I’m enjoying working my way through Margaret Atwood’s fiction, most recently, Moral Disorder and other stories, a collection of short stories from 2006.
The collection tells stories from different periods of the main character’s life. She is un-named until about three-quarters of the way through the book, when ‘Nell’ appears. I have assumed that the earlier stories are also about Nell, although this is unconfirmed.
The first story, The Bad News, introduces the main character and her partner, Tig, in their old age. They have developed patterns of behaviour throughout their many years together, one of which is that Tig, who gets up first in the morning and watches the news, is not to tell Nell any bad news until after she has eaten her breakfast.
The Art of Cooking and Serving is a story of Nell as a little girl willingly working in the family home and helping out her mother with her little sister until one day as a teenager she rebels, telling her mother, “She’s not my baby. I didn’t have her. You did.”
The stories feel so true that they could be autobiographical. The Headless Horseman tells of Nell making a costume for Halloween which alternately fascinates and terrifies her much younger sister and My Last Duchess of a class in school where Robert Browning’s poem is being studied. This story was one of my favourites. I didn’t know the poem, so enjoyed looking it up, but I also loved that Nell was learning life lessons, recognising the end of her latest romantic relationship and even more importantly, learning to recognise and value her teachers and the hidden values they were trying to impart to Nell and her fellow students.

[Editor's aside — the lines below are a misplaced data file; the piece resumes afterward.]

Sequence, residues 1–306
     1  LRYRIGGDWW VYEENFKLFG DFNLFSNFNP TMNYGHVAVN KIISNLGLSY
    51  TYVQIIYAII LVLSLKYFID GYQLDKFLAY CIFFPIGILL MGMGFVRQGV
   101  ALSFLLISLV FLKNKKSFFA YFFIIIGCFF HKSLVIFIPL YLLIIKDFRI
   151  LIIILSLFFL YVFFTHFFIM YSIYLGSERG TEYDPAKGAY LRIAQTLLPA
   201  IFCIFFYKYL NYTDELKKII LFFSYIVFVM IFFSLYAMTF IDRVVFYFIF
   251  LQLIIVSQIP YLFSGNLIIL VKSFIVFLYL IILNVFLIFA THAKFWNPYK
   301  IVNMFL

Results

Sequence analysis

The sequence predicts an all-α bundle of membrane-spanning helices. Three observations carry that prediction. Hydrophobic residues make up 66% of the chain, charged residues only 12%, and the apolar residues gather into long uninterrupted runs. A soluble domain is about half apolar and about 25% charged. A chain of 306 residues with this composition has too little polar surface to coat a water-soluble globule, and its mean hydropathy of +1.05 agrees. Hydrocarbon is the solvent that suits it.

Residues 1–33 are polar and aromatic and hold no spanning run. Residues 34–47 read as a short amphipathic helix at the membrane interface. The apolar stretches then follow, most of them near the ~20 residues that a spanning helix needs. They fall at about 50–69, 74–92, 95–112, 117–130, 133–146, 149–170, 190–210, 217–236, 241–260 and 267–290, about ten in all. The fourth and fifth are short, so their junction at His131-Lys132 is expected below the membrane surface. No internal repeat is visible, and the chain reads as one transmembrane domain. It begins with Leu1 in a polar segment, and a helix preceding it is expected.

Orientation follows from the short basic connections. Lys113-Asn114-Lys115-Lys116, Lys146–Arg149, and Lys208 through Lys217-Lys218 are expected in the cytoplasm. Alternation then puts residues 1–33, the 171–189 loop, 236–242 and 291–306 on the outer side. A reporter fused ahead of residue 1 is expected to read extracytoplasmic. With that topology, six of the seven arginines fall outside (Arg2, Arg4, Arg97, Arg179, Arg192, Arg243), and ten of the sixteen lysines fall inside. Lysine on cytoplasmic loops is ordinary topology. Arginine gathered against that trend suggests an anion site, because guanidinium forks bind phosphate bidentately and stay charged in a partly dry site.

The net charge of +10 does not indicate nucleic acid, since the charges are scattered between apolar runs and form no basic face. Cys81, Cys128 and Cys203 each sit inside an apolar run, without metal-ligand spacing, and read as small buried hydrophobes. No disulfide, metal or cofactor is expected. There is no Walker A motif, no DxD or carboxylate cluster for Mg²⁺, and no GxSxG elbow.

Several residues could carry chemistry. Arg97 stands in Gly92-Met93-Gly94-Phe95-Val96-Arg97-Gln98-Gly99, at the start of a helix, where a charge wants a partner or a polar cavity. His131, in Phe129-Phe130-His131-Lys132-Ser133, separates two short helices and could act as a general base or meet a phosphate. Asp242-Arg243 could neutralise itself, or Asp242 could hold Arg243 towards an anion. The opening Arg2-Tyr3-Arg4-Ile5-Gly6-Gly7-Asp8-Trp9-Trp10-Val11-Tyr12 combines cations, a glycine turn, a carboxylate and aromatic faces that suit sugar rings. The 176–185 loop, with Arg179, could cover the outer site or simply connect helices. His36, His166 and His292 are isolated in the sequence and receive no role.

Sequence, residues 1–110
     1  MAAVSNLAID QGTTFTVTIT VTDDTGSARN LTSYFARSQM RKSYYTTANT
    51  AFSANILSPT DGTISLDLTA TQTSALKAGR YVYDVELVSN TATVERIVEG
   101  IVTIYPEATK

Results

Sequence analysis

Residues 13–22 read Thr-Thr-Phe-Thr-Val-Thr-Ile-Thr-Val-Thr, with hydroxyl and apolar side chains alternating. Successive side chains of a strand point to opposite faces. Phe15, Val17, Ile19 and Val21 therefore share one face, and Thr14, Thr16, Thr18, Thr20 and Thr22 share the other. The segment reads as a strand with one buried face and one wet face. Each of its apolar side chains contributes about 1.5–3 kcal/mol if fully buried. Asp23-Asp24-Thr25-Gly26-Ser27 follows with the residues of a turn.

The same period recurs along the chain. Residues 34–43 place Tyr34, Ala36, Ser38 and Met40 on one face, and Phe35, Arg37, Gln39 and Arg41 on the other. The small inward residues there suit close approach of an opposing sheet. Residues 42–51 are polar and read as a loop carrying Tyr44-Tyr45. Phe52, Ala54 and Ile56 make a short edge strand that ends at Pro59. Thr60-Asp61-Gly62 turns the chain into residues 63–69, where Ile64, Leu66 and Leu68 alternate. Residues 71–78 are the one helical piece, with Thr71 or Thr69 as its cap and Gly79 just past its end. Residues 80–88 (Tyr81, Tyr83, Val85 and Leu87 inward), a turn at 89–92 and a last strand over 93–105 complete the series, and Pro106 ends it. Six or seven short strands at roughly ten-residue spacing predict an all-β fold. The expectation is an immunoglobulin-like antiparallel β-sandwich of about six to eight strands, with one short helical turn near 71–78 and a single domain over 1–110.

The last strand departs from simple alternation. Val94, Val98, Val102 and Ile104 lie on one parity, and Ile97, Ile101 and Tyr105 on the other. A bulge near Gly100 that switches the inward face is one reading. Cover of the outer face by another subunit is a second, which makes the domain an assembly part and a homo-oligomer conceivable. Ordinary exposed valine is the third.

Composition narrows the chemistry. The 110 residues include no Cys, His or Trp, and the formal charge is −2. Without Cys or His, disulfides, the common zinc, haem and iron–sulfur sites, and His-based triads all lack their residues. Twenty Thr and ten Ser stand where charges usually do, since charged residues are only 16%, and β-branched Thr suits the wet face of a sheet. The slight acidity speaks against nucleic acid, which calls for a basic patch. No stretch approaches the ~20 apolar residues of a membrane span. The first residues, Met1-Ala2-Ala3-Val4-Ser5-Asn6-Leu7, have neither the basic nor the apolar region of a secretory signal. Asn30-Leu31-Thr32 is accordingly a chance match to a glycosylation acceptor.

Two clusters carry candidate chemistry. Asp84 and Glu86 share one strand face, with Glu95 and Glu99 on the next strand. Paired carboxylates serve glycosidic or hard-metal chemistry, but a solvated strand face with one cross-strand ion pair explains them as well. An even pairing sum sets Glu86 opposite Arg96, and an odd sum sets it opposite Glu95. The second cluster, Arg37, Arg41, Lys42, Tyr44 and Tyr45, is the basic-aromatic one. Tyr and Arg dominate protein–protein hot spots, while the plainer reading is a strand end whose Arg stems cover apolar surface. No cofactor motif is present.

The Other Place shows Nell as a young woman, moving often, changing jobs and boyfriends, and not seeing her parents, who disapprove of her lifestyle. Monopoly tells of the early days of Nell’s relationship with Tig, a separated father of two and Nell’s own relationship with Tig’s ex-wife. The title story, Moral Disorder, was another of my favourites and superficially tells of Nell and Tig learning to farm and feeling guilty that chickens they have grown (and named) taste delicious when roasted. This story reminded me of growing up on a farm, as whenever we had a lamb in the backyard Dad called the lamb Chop-Chop so there would be no illusions about why the lamb was in our yard.
White Horse has Nell as an adult, again caring for her younger sister. The Entities shows Nell and Tig moving house, then The Labrador Fiasco and The Boys at the Lab has Nell reunited with and caring for her parents in their old age.
The more I read by Margaret Atwood, the more I appreciate her stories and her wonderfully clear writing.